How Does a Lack of Sleep Affect Work Performance?
Have you ever spent some of your waking hours wondering whether you got enough sleep the night before?
If you’re like most adults, you don’t get enough sleep. But how much sleep is enough?
Sleep requirements vary from person to person, but most healthy adults need between seven and nine hours of sleep to function at their best. Because of their active lifestyles, children and teens need even more.
For the most part, older people need at least seven hours of sleep—despite the long-held notion that sleep needs decrease with age.
Unfortunately, most adults aren’t getting those seven hours. According to the the Hult International Business School, professionals average about six and a half hours per night. We know that a good amount of sleep can help increase mental health and increase quality of life, but do those missing 30 minutes actually make a difference?
How does a lack of sleep actually effect you at work?
Studies show that a good night’s sleep improves learning.
Whether you’re learning math, playing the piano, perfecting your golf swing, or driving a car, sleep helps enhance your problem-solving skills.
While this may not pose a problem for the weekend or holidays, those are crucial skills while working.
If you can manage it, a short nap may greatly improve your work output. An article in the Harvard Men’s Health Watch reported that a brief nap can boost learning, memory, and creative problem solving.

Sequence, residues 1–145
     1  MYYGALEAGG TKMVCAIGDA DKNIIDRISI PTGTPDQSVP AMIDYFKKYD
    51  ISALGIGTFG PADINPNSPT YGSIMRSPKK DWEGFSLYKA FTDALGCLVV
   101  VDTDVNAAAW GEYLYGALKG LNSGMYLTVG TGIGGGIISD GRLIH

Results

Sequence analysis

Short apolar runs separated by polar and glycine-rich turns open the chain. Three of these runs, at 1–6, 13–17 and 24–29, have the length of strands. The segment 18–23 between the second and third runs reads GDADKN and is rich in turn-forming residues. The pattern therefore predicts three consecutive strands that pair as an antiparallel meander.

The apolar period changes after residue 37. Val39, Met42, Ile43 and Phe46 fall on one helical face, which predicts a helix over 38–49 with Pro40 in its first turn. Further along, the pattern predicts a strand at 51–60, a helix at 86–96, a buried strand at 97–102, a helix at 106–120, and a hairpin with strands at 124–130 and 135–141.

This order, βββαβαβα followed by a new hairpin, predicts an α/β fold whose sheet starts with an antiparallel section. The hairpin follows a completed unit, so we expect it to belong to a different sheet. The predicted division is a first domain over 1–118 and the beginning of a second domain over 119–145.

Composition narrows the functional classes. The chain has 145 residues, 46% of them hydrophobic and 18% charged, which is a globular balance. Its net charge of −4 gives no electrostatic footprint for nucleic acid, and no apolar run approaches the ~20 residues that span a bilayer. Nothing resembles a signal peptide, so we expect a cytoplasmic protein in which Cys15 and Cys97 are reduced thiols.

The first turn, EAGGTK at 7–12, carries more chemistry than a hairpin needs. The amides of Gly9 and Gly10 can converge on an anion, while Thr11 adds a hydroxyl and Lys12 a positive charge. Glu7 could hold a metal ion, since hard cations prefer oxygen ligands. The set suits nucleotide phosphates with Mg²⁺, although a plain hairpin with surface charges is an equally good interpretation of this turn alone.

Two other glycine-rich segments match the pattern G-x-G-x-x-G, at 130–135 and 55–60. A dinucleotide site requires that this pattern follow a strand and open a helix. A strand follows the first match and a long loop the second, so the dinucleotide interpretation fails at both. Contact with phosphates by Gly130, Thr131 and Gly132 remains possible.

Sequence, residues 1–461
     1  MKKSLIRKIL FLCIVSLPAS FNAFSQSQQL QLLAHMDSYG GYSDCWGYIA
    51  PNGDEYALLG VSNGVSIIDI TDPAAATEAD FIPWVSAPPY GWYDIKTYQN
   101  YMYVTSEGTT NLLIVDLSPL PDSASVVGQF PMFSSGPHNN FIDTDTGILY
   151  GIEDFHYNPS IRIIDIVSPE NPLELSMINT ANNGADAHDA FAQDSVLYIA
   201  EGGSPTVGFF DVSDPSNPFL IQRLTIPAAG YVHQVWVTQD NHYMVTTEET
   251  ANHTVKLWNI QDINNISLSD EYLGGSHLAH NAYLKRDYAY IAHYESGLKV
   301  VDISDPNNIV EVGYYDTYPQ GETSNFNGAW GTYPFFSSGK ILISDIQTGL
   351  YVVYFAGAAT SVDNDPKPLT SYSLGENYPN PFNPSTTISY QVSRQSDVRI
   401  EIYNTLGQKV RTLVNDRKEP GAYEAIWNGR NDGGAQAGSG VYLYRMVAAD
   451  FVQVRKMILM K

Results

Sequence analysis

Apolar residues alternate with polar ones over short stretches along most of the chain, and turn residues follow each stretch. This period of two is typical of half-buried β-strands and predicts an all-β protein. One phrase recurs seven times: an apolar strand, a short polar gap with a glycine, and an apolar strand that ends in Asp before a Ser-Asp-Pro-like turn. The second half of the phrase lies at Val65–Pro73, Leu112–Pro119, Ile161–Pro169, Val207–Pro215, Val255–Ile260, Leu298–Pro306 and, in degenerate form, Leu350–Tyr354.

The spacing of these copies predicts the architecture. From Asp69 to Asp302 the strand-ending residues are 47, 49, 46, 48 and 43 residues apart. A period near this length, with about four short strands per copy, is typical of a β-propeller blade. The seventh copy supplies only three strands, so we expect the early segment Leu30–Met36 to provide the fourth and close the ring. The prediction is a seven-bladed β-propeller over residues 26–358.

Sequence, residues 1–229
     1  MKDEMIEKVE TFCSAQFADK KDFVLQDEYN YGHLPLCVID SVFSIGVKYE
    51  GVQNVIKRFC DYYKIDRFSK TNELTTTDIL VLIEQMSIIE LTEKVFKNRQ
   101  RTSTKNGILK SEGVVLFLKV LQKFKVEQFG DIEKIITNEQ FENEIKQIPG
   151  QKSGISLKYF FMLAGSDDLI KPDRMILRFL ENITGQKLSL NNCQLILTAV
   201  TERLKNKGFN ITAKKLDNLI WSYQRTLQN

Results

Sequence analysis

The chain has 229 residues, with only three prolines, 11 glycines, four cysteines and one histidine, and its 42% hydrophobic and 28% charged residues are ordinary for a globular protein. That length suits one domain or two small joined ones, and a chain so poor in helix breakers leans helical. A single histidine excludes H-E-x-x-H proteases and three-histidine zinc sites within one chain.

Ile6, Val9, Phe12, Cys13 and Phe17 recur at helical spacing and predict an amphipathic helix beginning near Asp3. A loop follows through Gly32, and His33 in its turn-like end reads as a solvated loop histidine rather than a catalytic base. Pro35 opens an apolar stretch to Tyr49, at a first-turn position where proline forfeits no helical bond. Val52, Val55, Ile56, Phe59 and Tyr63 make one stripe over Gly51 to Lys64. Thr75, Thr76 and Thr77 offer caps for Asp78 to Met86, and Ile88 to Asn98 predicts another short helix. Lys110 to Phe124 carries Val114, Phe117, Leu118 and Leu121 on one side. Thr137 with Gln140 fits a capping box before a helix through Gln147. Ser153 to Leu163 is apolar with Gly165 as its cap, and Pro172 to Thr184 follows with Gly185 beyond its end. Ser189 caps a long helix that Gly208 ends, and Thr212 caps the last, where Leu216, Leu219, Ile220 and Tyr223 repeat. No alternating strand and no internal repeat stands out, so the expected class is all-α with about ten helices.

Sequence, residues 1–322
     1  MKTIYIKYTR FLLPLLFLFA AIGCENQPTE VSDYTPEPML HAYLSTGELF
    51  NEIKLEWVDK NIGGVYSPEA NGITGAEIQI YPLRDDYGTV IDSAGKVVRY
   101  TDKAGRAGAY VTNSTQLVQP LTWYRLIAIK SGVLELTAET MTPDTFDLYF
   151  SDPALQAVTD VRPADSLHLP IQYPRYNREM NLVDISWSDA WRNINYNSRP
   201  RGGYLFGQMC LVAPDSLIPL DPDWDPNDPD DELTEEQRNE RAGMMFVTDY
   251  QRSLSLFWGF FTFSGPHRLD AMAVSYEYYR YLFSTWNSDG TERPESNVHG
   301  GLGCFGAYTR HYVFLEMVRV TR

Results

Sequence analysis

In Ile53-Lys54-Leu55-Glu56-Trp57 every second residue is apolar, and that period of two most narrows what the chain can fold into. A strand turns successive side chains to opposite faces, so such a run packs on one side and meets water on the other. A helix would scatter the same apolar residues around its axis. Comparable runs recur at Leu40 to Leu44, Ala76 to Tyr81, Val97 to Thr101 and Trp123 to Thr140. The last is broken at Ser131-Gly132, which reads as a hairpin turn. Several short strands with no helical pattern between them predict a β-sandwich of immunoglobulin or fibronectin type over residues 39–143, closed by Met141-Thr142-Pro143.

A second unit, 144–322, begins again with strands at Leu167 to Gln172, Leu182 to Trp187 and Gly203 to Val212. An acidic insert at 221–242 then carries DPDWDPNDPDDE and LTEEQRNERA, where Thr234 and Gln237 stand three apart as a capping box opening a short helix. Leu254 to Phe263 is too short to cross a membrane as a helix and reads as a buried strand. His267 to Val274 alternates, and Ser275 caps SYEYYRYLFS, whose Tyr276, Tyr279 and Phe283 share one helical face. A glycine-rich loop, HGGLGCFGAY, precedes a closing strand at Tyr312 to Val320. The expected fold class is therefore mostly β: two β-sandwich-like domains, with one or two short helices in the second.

A nap can help in the short term, but improvement comes with those seven hours at night.
When your body is fast asleep, your breathing and pulse are slow and steady. Meanwhile, your brain is hard at work processing the events throughout the day. It sorts and files information, makes connections, and solves problems.
A 2010 Harvard study suggested that dreaming may reactivate and reorganize recently learned material, which would help improve memory and boost performance.
You’re likely already aware that mood is affected by sleep. This is why you can be a bit cranky or on edge after a bad night’s sleep. Your co-workers might steer clear on those mornings and you might be a bit less patient with clients.
But, as is the case with most health issues, the long-term risks can be far worse.
Sleep deprivation and insomnia are linked to depression and anxiety, according to the National Sleep Foundation. This also occurs with people who awake at night or suffer sleep-related issues. In a study, those with sleep apnea were five time more likely to suffer clinical depression.
It’s probably not surprising to hear that when you sleep less, the body suffers too.
According to Live Science, you risk of disease increases greatly with a lack of slumber. Long-term sleep deprivation increases chance of diabetes and heart disease, while making you hungrier. This because sleep is involved in healing and repairing your heart and blood vessels.
Viruses are also a potential problem with less sleep.
The National Health Service boasts the power of sleep to improve immunity. Some more rest may actually keep you healthy for work, rather than calling out sick.
Do you have any other questions about sleep, health or the effect on work? Schedule an appointment with your local Passport Health clinic by calling or fill out a contact form and speak to a representative.
Written for Passport Health by Jerry Olsen. He has over 15 years of combined experience as a writer and editor in Salt Lake City. Jerry’s writing topics range from health care, travel, life science to medical technology and technical writing.